A scene in Giua hai the gioi (Between two worlds), this year's first local horror movie is set for release on July 22
Murky censorship laws have long vexed horror film makers in Vietnam. In recent years, few have dared to risk releasing them. Those who complained their films were rendered unrecognizable by heavy handed cuts.
Audiences complain that no one has succeeded in making a film that deals in the unseemly.
At the moment, horror appears to be making a comeback and gun-shy directors are hoping that a recent relaxation of the red pen will allow them the space they need to create a truly titillating cinematic experience.
Between now and Christmas, Vietnamese producers are preparing to release four locally-produced films that deal heavily in death and gloom. In addition, industry insiders say that three horror films are on track to come out next year as well.
Giua hai the gioi (Between two worlds) is set for release on July 22. The film will tell the story of a beautiful music student who fails to commit suicide and ends up marrying a mysterious construction contractor.
She is haunted by the spirit of a young girl.
By the rules
Quang Phuoc, a representative of the BHD Company (which produced Giua hai the gioi) said that submitting a risqué film to Vietnam's censors is risky business.
Vietnam's censorship standards were released in 1997 by Ministry of Culture and Information (now is Ministry of Culture, Sports and Tourism).
The ministry prohibited the screenings of films which include the revelation of state secrets, the distortion of history or the depictions of sex, nudity or masturbation. The standards likewise prohibited the screening of gruesome images of murder or dismemberment.
The regulation also banned depictions of criminals who are satisfied with their crimes.
The 1997 regulations contained a caveat. Such films were eligible for release if they met the ministry's "artistic criteria." However, the criteria were never explained and filmmakers are left to guess whether or not they will qualify for screening.
Phuoc said that the National Film Censors Association only reviews films on Tuesday and Friday. He added that the body makes it exceedingly difficult to create a proper horror film.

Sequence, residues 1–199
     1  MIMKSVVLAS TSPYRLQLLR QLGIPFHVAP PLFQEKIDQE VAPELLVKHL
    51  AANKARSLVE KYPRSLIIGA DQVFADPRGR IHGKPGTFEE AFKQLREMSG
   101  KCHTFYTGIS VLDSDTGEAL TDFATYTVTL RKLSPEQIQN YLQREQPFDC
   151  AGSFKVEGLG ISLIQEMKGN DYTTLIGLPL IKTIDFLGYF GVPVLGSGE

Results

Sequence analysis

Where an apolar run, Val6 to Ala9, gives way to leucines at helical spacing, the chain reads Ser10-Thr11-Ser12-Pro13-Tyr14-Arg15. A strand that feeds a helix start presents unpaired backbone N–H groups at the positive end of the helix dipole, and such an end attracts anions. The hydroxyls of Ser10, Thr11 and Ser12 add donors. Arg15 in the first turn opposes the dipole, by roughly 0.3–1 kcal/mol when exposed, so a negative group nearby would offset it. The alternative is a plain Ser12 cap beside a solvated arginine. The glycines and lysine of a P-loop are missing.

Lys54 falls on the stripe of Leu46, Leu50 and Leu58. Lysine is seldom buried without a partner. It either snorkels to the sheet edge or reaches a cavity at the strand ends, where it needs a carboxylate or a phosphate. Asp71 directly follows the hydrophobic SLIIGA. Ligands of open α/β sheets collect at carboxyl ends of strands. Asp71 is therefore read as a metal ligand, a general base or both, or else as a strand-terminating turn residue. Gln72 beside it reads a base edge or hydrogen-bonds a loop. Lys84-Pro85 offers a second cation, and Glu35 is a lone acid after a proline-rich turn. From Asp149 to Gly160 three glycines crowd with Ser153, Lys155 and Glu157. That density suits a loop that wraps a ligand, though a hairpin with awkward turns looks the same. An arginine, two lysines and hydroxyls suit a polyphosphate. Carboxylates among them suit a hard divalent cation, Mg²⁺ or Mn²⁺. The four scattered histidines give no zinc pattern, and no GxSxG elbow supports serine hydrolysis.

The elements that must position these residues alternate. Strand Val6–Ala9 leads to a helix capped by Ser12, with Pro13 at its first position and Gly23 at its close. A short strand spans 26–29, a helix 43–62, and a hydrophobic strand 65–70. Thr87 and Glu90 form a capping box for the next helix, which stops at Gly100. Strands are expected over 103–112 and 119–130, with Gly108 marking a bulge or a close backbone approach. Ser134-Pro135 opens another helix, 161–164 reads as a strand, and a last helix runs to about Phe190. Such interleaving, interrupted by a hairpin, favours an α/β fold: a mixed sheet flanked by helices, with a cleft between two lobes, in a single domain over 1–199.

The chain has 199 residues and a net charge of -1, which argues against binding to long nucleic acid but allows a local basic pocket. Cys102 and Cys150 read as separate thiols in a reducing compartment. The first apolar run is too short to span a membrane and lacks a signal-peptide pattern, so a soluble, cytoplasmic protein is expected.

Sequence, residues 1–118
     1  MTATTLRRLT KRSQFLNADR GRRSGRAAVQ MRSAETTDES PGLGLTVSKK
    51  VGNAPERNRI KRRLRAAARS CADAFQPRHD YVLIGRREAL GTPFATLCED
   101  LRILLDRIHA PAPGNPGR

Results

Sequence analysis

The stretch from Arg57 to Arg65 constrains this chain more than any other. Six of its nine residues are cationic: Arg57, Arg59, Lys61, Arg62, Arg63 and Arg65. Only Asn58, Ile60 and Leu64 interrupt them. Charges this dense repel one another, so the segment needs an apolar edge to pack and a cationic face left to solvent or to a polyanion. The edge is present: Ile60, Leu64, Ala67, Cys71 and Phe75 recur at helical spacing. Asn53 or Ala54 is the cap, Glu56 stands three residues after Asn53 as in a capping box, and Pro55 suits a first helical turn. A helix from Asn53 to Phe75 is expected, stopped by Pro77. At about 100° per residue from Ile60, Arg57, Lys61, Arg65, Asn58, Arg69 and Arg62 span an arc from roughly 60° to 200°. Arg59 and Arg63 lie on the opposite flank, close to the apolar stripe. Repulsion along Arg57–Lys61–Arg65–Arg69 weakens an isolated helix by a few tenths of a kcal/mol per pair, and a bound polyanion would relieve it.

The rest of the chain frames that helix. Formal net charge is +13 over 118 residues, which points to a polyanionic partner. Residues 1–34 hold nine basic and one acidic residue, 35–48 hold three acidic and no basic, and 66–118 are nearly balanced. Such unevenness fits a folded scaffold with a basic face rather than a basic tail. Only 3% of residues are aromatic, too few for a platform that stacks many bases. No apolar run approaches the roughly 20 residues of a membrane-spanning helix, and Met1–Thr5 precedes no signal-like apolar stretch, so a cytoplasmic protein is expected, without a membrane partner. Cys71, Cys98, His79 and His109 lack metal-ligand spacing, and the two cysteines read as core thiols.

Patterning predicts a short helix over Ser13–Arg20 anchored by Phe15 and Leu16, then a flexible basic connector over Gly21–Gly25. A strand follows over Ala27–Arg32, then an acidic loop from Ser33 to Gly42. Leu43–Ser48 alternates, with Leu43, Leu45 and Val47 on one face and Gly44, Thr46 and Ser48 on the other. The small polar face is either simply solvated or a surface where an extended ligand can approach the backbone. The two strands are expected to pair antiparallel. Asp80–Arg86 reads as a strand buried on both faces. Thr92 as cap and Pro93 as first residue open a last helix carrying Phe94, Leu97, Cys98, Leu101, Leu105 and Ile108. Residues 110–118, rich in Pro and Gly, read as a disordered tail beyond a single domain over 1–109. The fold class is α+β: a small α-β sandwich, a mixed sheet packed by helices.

Most mentions of murder are considered verboten. Moreover, mentions of ghosts or devils are considered superstitions and may also be subject to censorship.
"Everybody knows that the horror genre is supposed to contain shocking content that is supposed to make an audiences' hair stand on end," he said.
In the end, Phuoc believes, it is better for the filmmakers to self-censor their work and avoid sensational elements like bloody violence or sex.
Real ratings, please
Vietnam still lacks a rating system akin to the symbols employed by the Motion Picture Association of America (MPAA). In this way, it is more open"”all films that are released are deemed suitable for all audiences.
However, in 2007, audience curiosity was piqued when the government released Muoi, a horror film that was jointly created by Korean and Vietnamese filmmakers. For the first time in Vietnam's history, viewer's under 16 were barred from viewing the film.
The hype attracted more viewers than ever and the age restriction was loosely enforced by cinemas throughout the country.
In the end, however, the film disappointed most of the viewers.
"Many scenes in the film were cut, so hardly anyone understands the storyline much," said Duy, a post-production editor in Ho Chi Minh City. "Given that they placed an age restriction on the film, it was unnecessary to cut it."
Phuoc Sang Film Production, the Vietnamese producer of Muoi quit making horror films, citing the complex censorship process and the low audience revenues.
However, the new age standard created new hope for local filmmakers.
That same year, Nguyen Chanh Tin, a senior actor turned film producer, producing and releasing two 45-minute-horror films called Ngoi nha bi an (Mysterious house) and Suoi oan hon (Spring of injustice souls).
Tin said that the local censors changed Ngoi nha bi an's ending. The film chronicles a film director's attempts to disprove a rumored haunted house. The film initially ended with her fear"”one that proved the existence of a homicidal specter.
Tin maintains that the censors demanded that the film end as unsolved (and decidedly non-supernatural) murder.
"It left no suspense or fright for the audience" Tin said.
Scapegoating the censors
Some viewers argue that blaming poor film quality on government censorship is just an old dodge for bad film-making. Some say
Vietnamese horror films are just plain bad.
"Ghosts appear on the screen, but they sometimes look funny instead of scary," said Minh Chau, an overseas student. "I think we desperately need good horror scripts. The producers, at times, pass the buck to the strict censors instead of taking a look back at their bad stories".
Director Bui Thac Chuyen shot to fame with a number of art-house releases like Choi voi (Adrift) which won a number of international film awards in 2009.
He is currently working on Loi nguyen huyet ngai (a film about a group of students being terrorized by a vampiric tree) which is set to come out this Christmas.
Ultimately, he believes that local film makers must focus on improving their scripts and visual effects.
In the meantime, things seem to be looking up for the genre.
Recently, censorship seems to have relaxed. Foreign horror films like "The Prom Night" or "Legion" were screened without too many cuts.
Many directors and producers are hoping that Vietnam's censors will be as easy on them as they are on the foreign releases.